1.This ruling is in respect of the applicant’s notice of motion application dated May 17, 2023 which is expressed to be brought under order 51 rule 1 of the Civil Procedure Rules and section 3A of the Civil Procedure Act and which sought the following orders;1.Spent2.That the court be pleased to order that a skeleton file be constituted in respect of ELC No 174 of 2012 Hannah Njuguna v Joash Masese Okworo.3.That the plaintiff do furnish the court with relevant documents to construct the file.4.That the costs of this application be provided for.
2.The application is supported by the affidavit of the applicant Hannah Wairimu Njuguna sworn on May 17, 2023. The grounds on the face of the application and the supporting affidavit are that she filed a plaint dated August 10, 2009 against the respondent seeking among other orders a perpetual injunction restraining the respondent from interfering with the parcel of land known as title No 12783/51 Farm Nakuru; that the matter was initially filed in Nakuru Magistrate’s Court before it was transferred to the Environment and Land Court; that the respondent had entered appearance and filed a defence; that her advocates filed witness statements and list of documents; that the respondent also filed compliance documents; that the matter came up for hearing of the plaintiff’s case on December 9, 2021 where she testified and closed her case; that the hearing of the defence case was scheduled for March 2, 2022; that on March 2, 2022 the matter could not proceed because the defendant had a medical emergency; that the hearing was rescheduled to June 21, 2022; that on the said date a fresh hearing date was given for the November 22, 2022 on which date the court file was not availed; that from the said date, the file cannot be traced despite visiting the registry repeatedly; that her advocates on record had a meeting with the Deputy Registrar over the missing file but to date it has not been traced and that it is in the interest of justice that the application be allowed as prayed.
3.The respondent did not oppose the application.
Analysis And Determination
4.After considering the application, the only issue that arises for determination is whether the court should order for a skeleton file to be constituted in respect of ELC No 174 of 2012 Hannah Wairimu Njuguna v Joash Masese Okworo.
5.The court in the case of Abdul Karim Omar v Stephen Ngumbau Kithuka [2017 eKLR considered the process of reconstruction of a lost filed and stated as follows:a)The Registry Supervisor checks the file movement register to identify the person in whose possession the file was last recorded. The Supervisor instructs him/her to trace the file.b)If the file is not traced, the Registry Supervisor circulates a memo to all staff in the Station/Registry asking them to check whether the file is in their possession. If the file is not found within 24 hours, the supervisor will notify the Deputy Registrar.c)The Deputy Registrar then initiates a special search.d)If the file is not traced after this first search, the Registry Supervisor writes the words ‘original file missing’, in pencil, on the relevant case register.e)The Registry Supervisor then enters the details of the missing file in the register of missing files which is maintained by the Registry Supervisor.f)After a fruitless search of 14 days, the Deputy Registrar issues a certificate to confirm the loss and recommends the reconstruction of the file.g)Parties are informed of the non-availability of the file in writing by the Deputy Registrar with a recommendation for reconstruction.h)In the event that a missing file is traced, the date of recovery is recorded in the case register and its availability is communicated to the parties concerned by the Deputy Registrar within 24 hours of its tracing. A certificate confirming the recovery is issued.i)The file once traced is merged with any skeleton file that may have been opened.”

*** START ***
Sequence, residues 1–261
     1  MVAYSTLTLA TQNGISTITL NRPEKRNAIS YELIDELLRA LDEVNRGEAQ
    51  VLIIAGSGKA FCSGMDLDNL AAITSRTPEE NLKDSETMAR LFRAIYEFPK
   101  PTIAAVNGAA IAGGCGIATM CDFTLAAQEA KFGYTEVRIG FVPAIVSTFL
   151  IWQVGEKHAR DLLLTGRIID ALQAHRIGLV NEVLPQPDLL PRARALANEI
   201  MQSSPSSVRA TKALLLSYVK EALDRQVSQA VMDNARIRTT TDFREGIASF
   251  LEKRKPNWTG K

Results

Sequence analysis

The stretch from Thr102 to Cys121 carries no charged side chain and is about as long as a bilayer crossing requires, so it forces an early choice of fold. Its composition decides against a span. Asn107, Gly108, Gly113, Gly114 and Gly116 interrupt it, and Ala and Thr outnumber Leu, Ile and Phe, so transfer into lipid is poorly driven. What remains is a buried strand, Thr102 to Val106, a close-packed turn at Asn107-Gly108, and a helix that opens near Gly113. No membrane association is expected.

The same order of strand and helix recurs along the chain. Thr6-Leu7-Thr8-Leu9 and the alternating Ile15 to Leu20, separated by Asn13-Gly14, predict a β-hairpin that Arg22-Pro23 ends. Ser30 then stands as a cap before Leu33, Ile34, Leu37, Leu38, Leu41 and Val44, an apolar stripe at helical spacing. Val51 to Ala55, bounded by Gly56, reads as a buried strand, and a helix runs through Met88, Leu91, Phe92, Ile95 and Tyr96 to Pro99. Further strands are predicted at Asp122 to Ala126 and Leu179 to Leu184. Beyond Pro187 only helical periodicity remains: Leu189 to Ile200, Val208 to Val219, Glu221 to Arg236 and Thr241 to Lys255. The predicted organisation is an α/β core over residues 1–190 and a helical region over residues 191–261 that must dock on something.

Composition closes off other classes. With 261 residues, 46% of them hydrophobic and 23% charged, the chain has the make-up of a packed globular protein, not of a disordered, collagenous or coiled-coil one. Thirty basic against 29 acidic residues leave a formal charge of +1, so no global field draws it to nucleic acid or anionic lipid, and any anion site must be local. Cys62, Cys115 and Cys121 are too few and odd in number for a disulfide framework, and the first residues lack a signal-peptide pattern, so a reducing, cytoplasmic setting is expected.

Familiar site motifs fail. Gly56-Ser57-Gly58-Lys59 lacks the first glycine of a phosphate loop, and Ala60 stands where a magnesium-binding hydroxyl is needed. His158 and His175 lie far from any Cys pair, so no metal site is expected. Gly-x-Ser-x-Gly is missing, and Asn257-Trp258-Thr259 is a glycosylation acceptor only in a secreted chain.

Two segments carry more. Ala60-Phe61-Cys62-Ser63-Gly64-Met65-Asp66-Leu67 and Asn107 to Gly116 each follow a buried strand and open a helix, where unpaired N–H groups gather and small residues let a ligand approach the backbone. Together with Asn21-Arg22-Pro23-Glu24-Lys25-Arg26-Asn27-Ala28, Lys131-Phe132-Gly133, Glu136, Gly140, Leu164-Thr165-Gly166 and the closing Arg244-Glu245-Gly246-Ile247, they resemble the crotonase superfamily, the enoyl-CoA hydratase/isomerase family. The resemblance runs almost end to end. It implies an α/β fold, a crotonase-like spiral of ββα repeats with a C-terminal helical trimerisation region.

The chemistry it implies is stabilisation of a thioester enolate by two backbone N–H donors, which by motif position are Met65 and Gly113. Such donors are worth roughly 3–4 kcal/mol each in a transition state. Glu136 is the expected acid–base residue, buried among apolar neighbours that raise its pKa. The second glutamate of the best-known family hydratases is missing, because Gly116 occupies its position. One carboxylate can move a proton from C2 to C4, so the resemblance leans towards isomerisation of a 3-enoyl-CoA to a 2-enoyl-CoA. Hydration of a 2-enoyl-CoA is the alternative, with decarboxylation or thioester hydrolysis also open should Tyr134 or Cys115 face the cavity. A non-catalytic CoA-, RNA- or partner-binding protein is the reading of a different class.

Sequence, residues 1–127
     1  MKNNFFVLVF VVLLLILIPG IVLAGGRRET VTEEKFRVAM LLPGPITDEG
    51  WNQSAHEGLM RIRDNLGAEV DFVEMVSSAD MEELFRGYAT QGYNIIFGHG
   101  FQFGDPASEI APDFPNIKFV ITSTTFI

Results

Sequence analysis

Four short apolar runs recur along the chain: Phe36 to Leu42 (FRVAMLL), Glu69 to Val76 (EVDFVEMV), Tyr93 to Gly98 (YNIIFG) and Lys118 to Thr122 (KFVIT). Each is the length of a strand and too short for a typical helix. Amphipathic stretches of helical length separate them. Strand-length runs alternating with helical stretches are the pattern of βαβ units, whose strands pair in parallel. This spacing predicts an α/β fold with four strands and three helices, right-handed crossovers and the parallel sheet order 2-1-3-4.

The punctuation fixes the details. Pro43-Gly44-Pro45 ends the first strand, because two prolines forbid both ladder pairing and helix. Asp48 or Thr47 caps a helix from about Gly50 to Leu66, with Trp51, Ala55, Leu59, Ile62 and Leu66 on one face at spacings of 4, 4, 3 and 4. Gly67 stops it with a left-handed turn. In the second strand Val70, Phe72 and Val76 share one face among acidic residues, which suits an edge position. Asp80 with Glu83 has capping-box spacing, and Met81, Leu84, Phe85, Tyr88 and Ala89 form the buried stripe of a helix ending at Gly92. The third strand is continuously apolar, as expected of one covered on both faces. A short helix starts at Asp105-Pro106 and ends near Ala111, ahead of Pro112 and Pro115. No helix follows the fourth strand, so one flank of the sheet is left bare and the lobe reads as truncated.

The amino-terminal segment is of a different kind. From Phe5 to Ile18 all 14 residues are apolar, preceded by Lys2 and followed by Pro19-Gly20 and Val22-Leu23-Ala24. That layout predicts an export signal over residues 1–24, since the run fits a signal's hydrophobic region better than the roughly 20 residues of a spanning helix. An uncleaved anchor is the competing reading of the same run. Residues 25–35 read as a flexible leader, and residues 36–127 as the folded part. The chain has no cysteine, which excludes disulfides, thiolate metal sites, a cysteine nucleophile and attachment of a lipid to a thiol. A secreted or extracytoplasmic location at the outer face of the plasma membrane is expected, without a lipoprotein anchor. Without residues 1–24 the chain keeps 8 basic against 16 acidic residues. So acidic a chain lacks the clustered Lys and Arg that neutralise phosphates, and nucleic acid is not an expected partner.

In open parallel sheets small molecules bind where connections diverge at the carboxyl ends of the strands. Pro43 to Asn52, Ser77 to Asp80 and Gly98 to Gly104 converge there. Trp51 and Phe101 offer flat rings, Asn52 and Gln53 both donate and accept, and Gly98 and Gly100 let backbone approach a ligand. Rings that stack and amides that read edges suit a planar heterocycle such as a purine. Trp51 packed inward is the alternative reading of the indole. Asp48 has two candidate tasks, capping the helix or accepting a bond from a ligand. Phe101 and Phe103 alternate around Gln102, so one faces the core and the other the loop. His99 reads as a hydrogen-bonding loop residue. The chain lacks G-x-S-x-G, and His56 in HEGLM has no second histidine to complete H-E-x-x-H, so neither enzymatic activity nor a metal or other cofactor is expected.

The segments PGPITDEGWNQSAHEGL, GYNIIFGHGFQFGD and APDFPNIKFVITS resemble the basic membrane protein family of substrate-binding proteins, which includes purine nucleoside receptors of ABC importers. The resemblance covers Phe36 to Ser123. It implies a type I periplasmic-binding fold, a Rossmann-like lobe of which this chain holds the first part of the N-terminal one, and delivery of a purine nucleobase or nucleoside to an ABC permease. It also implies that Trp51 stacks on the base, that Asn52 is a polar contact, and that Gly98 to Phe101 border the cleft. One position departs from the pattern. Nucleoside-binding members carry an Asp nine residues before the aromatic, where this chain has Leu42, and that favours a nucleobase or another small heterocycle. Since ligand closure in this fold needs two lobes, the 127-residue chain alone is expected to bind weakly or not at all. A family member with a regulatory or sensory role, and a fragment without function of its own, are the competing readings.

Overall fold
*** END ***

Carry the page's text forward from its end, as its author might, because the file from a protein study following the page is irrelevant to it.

6.The applicant in the present matter alleged that when the matter came up for defence hearing on November 23, 2022 the file could not be traced. The applicant attached to her application various email correspondences between her advocates and the Deputy Registrar that allude to a meeting that was to be held on April 12, 2023. From the annexed documents it is not clear whether the said meeting was held and what the outcome was, if any.
8.Similarly, in the present case, apart from the emails written by the Deputy Registrar, Nakuru Environment and Land Court and the applicant’s advocates, indicating that a meeting was to be held to discuss the alleged missing file, the applicant did not produce any document or communication from the Deputy Registrar to indicate that the file was missing and could not be traced. As was held in the case of Peter Wambugu Kariuki & 16 others v Kenya Agricultural Research Institute (supra) without the said communication from the Deputy Registrar, there is a presumption that the officer mandated to keep the court records has the same in their custody. Consequently, it is my view that the applicant’s application is premature as the requisite procedure for tracing of the file has not been followed. The Deputy Registrar of this court shall take up the matter and follow the requisite procedure within the next 30 days. Each of the parties shall bear their own costs of the application.